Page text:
Friday, August 23, 2019

Learning from Literature

Second grade students enriched by author's visit

If a child doesn’t read at an accepted level by third to fourth grade, the chances of failure at school – and life – go up significantly.

The Greater Marco Family YMCA is acutely conscious of this sobering fact, so for the past 10 years has run a mentoring program called Y-Reads.

It’s just one of the organization’s multiple outreach programs that benefits the children (and parents) of some of the poorer neighborhoods in East Naples.

Recently, a group of second grade students from Manatee Elementary School indeed benefited from a literary visit in the form of Dolores Burton, a lifelong educator, award winning author of six books, and a Fulbright Scholar.

Using her allegorical book, “But You Don’t Look Like Me,” Burton blended its written components with its philosophy, and the kids were simply fascinated for nearly two hours.



The book outlines the story of Owlivia, a barn owl who wants to befriend some burrowing owls.

They reject her because she looks different, but later change their attitudes when she saves a baby burrowing owl from being snatched by a foraging hawk.

Fortifying the book’s message, Burton asked the group of young students to give examples of acts of kindness that go beyond looks.

Answers included “when somebody treats you like you would treat them,” and opening a door for somebody.

Also alluding to her book’s premise, Burton asked the group for things people might not know simply by looking at someone.

Responses included not knowing people’s ages, their birthdays and, most aptly, one child reaffirming the old adage of not judging a book by its cover.

To wrap up the session, the children donned owl masks and enjoyed an “owl parade” around the classroom, complete with high-pitched hoots.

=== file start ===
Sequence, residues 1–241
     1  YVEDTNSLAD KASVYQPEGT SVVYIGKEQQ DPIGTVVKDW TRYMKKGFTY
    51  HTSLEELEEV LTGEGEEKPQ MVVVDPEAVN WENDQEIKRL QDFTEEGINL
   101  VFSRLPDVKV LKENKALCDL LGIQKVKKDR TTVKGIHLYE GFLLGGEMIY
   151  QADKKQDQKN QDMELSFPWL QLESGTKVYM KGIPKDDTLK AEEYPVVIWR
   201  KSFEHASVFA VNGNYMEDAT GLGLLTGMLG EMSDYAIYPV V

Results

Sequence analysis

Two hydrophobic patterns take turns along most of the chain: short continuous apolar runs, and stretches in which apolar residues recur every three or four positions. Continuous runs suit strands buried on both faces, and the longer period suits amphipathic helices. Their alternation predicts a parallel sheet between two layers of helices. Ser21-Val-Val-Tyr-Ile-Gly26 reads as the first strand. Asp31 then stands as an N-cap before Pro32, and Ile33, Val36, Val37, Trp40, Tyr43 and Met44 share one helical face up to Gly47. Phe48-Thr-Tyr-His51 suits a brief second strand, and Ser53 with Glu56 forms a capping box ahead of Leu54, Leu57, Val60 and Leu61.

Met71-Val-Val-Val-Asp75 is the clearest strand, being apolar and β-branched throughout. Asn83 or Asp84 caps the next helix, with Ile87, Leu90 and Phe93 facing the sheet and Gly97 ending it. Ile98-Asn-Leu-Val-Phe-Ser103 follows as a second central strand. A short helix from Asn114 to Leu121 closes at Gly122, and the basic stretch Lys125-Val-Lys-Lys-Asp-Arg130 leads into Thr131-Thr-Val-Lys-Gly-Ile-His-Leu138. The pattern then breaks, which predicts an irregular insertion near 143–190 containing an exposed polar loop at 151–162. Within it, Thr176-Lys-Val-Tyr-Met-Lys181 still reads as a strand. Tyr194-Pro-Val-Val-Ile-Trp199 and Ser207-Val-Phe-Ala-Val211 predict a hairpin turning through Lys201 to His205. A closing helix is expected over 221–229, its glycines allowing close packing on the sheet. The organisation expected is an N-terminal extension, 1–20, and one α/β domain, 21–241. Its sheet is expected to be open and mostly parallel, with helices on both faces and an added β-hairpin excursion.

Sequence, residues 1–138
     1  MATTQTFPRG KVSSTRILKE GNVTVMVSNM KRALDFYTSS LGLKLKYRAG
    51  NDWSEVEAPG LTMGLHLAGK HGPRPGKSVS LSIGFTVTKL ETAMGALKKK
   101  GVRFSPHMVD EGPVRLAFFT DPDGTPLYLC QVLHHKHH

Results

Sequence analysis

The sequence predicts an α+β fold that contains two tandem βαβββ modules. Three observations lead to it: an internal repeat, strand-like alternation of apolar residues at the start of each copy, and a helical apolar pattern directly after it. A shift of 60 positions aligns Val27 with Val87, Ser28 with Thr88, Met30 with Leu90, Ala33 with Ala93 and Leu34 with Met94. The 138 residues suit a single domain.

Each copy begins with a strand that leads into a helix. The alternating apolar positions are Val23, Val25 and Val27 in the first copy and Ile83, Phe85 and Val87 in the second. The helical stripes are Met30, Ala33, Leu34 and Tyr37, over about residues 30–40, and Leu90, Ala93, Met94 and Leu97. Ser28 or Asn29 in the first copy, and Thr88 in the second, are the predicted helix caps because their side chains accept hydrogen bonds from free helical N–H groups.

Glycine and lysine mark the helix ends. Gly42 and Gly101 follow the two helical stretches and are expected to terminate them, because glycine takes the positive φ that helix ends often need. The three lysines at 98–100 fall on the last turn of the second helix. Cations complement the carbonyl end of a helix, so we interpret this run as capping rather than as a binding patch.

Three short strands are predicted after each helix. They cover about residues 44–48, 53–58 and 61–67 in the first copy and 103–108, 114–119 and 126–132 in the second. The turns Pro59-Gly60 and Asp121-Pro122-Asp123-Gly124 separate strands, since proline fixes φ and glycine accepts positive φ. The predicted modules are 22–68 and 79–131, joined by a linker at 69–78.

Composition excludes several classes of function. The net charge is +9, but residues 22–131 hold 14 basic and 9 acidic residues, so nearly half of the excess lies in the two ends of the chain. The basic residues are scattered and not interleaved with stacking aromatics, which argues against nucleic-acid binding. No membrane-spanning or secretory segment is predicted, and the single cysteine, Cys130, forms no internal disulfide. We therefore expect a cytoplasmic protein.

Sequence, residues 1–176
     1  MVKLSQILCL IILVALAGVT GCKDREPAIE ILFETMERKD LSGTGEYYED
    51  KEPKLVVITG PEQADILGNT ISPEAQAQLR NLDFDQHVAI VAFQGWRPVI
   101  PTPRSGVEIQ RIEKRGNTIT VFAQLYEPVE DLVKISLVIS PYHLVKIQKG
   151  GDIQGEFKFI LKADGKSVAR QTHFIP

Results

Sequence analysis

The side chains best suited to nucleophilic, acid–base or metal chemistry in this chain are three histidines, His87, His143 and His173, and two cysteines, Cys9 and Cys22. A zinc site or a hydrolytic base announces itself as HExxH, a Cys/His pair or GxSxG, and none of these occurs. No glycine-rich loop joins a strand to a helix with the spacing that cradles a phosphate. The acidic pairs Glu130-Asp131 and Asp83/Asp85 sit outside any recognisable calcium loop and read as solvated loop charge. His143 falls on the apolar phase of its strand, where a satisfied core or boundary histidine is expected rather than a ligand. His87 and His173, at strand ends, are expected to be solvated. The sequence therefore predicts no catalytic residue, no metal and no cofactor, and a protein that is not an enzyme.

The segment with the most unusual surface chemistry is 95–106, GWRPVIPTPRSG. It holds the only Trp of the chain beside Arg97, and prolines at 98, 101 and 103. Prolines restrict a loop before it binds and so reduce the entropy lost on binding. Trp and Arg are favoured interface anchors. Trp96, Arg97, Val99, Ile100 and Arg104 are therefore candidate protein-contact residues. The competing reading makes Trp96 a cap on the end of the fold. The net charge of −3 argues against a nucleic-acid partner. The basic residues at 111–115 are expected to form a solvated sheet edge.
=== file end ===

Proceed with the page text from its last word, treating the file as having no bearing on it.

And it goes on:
On hand, along with a group of volunteer adult mentors committed to the Y Reads program, was coordinator Esta Alliker, who originally linked with Burton through sharing the same Marco hairdresser.



She said YReads program techniques include books, lesson plans, phonics and “literature circles” talking about text, as well as poetry, while many of the reading programs mesh with those of the children’s school programs.

Locally, many parents are unable to give English reading or help because of their own limitations in the language, Alliker said.

“And, most don’t often have the time.”

Burton, a PhD, worked nationally and internationally as a Fulbright Scholar to improve teaching and learning for all students.

She has published in educational journals and has presented her research at numerous venues across the globe. Her writing reflects her passion to help students and teachers succeed.

Besides three illustrated books using owls as central characters, Burton most recently published a middle-grade chapter book, “A Story of Courage: Supreme Court Justice Sonia Sotomayor.”

All books are available on Amazon.com and at BreaklightPublications.com.

To learn more about volunteering for YReads, as well as the Y’s wide variety of programs and activities for adults and children, visit marcoymca.org or call 239-394-YMCA (9622). Follow on Twitter at ymcamarco; on Facebook @marcoymca, and Instagram at ymcamarco.

 

 

One response to “Learning from Literature”

  1. Nancy McGill says:

    I worked in the field of education for over 34 years. I tried so hard to get educators and administrators invested in a reading program (along with many other subject matter) that works. This is a reading program that surpasses all other reading programs. The research has reported time and again that there literally is no excuse to not use this program, particularly for students with special needs and those students living in lower socio-economic homes. This program is called Direct Instruction (DI) and was written by Ziegfried Engelmann. Many people are “uncomfortable” with the program or say “they don’t like it”. The only time I felt as if I was teaching and that I was getting positive results was when I used DI. When I see programs such as Y-Reads getting recognition, I have to ask where is the research? Have students reading levels accelerated as a result of this program? We have so little time to teach everything that is on our plate as it is.

    I am a huge advocate of public schools. I do not like this “invasion” of charter schools. However, if charter schools are willing to dedicate their personnel, administrators, students and resources to research-based materials and methodologies, then I am left to give them accolades.

    I have no skin in this, but it still breaks my heart when I see low income children doing activities that have nothing to do with their successful progress. Please reference the following website: ideapublicschools.org

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